Pleased with himself and his identification with the President of the United States, Kenneth looked to the floor, smiling sagely. He began to describe that the game-changing moment for him was when he discovered the Myers Briggs Type Indicator test. This was popular practice within the aspirant executive demographic.
Citing his own four-digit domain code as though it were a secret, guilty revelation, he began clumsily to suggest that perhaps the key issue could be that Harry might just be somewhat unaware of himself. He inferred further using one of his familiar rugby metaphors.
“You see, I think I’m a full-back, when really, I’m an inside-centre…”
He then switched gears to insistent mode, delivered as if nothing would hold back this inside-centre from ensuring the try-touchdown. He told Harry that all that was needed was a simple online test. This could be arranged as early as Wednesday. Kenneth would not wait idly around.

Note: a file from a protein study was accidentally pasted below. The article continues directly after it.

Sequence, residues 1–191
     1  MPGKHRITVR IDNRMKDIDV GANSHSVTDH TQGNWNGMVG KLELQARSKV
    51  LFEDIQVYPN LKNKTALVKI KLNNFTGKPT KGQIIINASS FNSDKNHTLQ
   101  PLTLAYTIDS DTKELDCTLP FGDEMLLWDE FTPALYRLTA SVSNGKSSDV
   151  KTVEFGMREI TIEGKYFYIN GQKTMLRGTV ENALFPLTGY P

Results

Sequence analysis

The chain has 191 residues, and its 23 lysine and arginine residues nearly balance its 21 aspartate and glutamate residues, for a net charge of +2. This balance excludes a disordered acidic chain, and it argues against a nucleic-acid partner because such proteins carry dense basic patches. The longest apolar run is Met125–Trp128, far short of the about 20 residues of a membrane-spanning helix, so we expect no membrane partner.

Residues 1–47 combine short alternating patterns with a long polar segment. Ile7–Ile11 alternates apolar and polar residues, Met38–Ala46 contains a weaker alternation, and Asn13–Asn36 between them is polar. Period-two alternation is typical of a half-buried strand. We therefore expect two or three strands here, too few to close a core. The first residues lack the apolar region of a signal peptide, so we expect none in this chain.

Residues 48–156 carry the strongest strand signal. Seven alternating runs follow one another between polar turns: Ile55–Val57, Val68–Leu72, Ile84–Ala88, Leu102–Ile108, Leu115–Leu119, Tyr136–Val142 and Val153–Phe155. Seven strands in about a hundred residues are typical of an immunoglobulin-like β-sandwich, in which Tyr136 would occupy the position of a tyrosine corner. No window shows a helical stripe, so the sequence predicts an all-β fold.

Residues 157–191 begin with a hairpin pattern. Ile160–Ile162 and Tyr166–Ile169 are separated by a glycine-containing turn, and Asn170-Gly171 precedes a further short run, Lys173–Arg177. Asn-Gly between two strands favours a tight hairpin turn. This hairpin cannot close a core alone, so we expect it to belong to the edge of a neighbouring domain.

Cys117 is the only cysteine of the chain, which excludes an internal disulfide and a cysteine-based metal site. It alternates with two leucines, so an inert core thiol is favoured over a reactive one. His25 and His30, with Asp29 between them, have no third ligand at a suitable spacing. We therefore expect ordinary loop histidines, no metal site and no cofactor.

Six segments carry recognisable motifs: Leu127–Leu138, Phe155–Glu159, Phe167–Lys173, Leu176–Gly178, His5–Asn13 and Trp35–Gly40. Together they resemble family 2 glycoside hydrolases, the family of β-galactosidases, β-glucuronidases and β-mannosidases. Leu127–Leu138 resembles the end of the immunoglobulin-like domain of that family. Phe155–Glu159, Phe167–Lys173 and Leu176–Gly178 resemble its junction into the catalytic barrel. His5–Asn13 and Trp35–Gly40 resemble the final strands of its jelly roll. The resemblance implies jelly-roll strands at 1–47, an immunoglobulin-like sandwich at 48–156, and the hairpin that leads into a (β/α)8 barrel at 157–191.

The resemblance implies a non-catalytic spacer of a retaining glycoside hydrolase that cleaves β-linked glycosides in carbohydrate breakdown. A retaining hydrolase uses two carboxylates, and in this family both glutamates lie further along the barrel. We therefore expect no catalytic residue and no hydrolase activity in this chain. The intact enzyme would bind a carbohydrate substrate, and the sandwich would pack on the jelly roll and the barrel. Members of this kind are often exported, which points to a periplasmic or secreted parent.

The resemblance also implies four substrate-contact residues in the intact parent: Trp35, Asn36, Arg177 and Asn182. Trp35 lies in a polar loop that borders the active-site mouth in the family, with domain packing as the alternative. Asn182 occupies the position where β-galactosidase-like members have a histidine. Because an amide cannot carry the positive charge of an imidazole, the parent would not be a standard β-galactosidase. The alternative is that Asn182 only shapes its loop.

“I’m going to get you a coach, I am,” he said. “Someone external, that you can really chill down with and then you’ll be on your way-like…”
Harry looked blankly at him, thinking: wasn’t it the case that the validity and reliability on the application of these tests were thought to be comparable to astrology?
“Look, I know you’re not happy. Let me speak to the Chief. Let’s exploit his networks too…” Kenneth said definitely. “I will help you.”
Harry then again felt an enormous sense of comfort and wellbeing quite distinct from Kenneth’s reassurance. Olympic Pedal had primed him on finding meaning. The more open he could become to the Jungian support, the more he would notice synchronous events. He realised his moment.
Harry turned to his computer to show Kenneth a recent email he had just received from the elite Leadership Academy. Following an arduous application, Harry was cordially invited to attend an exclusive research Masterclass on Neuroscience and Workforce performance conference that coming Friday.